Despite the recent slight decline in federal promotion of abstinence only education, the effects of former and current policies and programs still resonate. According to the Guttamacher Institute, approximately “one in four adolescents received information about abstinence only without information on contraception”, and “teens aged 18–19, 41% report that they know little or nothing about condoms and 75% say they know little or nothing about the contraceptive pill” (4). To deny information to students about their own sexual health has consequences that have come to fruition in the teenage pregnancy and STI rates amongst teenagers. Certain social science theories help explain why abstinence only education is not an appropriate way to go about sexual and reproductive health for teenagers. Psychological reactance theory, attitude alignment, and diffusion of innovation each provide insight on different aspects of the failures of abstinence only education. These theories, and others, also help to explain why a more comprehensive approach to health education is appropriate.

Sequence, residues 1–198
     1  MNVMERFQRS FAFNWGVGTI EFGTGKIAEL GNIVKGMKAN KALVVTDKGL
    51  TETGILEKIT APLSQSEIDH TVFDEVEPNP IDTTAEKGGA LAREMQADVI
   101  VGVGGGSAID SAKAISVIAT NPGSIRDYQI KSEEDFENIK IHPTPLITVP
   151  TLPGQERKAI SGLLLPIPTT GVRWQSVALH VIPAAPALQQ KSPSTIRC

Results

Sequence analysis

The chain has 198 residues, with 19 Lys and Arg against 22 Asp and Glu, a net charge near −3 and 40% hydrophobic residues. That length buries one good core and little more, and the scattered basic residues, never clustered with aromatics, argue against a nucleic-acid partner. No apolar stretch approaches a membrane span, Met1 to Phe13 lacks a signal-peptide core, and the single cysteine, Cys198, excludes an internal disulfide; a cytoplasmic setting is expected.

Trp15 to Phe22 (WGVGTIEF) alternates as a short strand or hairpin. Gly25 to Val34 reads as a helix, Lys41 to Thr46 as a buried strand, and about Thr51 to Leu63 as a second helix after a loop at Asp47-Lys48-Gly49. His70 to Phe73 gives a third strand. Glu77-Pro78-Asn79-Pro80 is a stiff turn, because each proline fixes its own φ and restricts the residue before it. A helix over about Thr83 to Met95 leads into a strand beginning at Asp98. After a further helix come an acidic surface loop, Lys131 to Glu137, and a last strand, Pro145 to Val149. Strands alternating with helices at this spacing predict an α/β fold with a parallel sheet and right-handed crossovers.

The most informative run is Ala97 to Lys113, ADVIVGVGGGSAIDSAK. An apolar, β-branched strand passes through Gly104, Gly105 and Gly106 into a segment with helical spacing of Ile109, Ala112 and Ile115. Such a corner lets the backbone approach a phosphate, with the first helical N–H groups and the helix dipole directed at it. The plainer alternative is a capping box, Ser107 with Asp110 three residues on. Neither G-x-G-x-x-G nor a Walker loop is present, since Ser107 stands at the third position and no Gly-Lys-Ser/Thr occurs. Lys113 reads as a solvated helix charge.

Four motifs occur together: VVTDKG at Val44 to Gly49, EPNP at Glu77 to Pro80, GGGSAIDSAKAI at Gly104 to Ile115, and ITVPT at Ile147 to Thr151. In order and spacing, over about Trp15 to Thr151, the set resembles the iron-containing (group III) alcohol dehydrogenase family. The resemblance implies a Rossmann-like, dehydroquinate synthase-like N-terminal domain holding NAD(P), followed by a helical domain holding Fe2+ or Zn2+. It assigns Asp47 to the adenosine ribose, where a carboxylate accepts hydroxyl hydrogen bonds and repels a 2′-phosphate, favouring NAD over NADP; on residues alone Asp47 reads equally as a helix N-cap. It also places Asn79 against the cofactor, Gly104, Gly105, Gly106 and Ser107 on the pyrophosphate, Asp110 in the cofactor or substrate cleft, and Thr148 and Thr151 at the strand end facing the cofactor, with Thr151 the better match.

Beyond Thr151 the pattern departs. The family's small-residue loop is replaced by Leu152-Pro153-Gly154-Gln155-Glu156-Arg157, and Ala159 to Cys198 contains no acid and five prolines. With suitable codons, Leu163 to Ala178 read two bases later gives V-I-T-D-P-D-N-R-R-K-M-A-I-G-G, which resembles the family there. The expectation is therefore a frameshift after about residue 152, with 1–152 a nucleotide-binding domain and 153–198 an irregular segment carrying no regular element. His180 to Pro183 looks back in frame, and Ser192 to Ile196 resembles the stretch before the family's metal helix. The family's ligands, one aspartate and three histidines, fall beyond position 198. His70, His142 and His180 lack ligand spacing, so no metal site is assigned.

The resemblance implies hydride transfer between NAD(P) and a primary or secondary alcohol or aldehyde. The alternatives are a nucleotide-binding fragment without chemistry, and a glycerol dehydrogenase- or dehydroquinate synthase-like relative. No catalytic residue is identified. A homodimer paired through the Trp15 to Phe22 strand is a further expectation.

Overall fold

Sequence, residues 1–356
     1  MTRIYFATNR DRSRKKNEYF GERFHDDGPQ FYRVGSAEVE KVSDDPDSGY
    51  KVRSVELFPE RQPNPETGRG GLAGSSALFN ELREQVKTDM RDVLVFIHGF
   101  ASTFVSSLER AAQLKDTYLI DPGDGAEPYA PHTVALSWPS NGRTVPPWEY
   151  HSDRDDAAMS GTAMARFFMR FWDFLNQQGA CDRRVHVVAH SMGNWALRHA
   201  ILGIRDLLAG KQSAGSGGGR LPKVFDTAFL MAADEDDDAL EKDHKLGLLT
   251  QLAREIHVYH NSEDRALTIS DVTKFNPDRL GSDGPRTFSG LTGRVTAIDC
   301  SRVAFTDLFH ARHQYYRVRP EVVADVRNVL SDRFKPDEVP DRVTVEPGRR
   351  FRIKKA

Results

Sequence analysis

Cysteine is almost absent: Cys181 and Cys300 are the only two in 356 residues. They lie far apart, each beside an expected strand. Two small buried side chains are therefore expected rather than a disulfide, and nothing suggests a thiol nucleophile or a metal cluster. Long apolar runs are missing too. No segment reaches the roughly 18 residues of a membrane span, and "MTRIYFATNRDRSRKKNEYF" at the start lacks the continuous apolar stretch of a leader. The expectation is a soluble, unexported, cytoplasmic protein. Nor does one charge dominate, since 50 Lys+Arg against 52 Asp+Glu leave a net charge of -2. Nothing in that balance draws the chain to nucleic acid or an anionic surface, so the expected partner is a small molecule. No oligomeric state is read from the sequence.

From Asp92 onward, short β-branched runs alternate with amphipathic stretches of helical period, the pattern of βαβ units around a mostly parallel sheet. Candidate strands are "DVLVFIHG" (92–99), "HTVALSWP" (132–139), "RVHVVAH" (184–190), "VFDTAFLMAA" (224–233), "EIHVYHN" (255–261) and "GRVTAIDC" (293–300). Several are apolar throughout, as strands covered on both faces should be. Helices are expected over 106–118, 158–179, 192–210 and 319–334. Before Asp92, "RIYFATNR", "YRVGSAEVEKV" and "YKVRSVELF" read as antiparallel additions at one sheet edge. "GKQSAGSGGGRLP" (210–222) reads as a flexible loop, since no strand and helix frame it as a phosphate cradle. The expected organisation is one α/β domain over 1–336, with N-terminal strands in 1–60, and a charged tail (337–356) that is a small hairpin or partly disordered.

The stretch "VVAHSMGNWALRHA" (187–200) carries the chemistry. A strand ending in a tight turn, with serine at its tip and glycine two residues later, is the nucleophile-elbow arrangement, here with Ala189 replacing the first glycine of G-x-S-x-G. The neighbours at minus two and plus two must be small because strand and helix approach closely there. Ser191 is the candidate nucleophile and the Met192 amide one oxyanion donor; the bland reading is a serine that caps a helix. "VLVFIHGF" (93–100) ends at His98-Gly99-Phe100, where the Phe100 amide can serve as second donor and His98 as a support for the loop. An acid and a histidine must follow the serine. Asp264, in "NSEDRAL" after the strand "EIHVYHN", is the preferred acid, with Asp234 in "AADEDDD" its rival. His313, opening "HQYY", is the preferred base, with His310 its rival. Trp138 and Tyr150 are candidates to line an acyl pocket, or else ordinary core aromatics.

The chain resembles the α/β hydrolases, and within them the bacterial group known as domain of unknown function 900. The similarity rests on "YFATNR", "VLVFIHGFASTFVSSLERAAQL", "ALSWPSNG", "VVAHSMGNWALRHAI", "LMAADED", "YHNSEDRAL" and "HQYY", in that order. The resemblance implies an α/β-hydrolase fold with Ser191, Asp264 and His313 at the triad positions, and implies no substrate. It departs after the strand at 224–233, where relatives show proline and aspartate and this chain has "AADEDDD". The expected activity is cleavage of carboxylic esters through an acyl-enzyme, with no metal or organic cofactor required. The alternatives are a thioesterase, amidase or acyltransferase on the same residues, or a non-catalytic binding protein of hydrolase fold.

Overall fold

Abstinence Only Education Strips Adolescents of Freedom
There are a number of factors as to why abstinence only education has been a statistical and practical failure; removal of freedom of choice is a major player. Psychological reactance theory illustrates how abstinence only education is both ineffective and counterproductive in sexual and reproductive health education. Abstinence only education is based on the premise that adolescents should not, cannot, and will not have any form of sexual behaviors before marriage. (It is important to note that due to the nature of marriage in this country this implies heterosexual relationships as the only legitimate form of sexual relationship.) In effect, abstinence only education strips adolescents of their sexual freedom. Psychological reactance theory has shown that when individuals are threatened with loss of freedom, they will react by engaging in the prohibited behavior. In studies of patients and noncompliance, health researchers found that when health practitioners told patients not to do something, this advice had the reverse effect (3,7,9). In essence, telling adolescents that they cannot have sex, for some individuals, may evoke a need to do the opposite. The freedom of sex is taken away and the desire to reclaim this need heightens.